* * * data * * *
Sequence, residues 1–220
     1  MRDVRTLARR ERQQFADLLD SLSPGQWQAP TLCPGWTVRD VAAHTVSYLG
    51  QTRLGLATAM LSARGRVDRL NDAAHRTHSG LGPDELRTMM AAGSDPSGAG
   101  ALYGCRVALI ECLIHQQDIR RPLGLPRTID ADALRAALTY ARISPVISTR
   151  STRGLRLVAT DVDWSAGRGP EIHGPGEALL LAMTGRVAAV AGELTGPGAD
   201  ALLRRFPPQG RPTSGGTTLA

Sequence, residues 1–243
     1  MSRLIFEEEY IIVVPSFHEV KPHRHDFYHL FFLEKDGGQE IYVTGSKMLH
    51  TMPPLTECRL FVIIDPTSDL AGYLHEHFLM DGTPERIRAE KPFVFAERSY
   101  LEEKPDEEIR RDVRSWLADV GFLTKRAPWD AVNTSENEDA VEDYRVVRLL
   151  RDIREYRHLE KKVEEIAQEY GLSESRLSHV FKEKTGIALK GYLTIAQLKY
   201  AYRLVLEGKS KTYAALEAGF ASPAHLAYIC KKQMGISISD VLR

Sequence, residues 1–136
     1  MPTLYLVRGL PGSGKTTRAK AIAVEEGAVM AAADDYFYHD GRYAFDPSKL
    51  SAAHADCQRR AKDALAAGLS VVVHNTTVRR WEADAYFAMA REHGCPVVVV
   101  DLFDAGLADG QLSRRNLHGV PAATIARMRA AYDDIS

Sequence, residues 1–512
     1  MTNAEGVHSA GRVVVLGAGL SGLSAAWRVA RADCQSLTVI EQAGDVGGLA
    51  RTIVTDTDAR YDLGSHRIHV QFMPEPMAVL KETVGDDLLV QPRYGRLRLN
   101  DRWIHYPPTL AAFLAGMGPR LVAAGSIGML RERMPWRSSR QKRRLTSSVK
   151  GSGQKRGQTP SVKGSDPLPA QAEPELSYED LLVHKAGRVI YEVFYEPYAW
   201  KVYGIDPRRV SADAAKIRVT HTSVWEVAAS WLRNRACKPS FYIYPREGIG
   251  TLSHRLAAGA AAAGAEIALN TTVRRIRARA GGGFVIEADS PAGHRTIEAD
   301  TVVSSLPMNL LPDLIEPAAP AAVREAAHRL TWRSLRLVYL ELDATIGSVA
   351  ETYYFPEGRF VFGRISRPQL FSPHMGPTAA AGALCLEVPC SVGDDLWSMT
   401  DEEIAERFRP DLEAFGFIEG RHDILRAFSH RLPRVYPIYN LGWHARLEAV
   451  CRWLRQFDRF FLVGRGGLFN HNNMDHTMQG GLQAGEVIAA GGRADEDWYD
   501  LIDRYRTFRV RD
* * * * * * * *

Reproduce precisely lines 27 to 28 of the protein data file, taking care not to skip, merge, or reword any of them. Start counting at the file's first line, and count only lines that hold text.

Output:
   451  CRWLRQFDRF FLVGRGGLFN HNNMDHTMQG GLQAGEVIAA GGRADEDWYD
   501  LIDRYRTFRV RD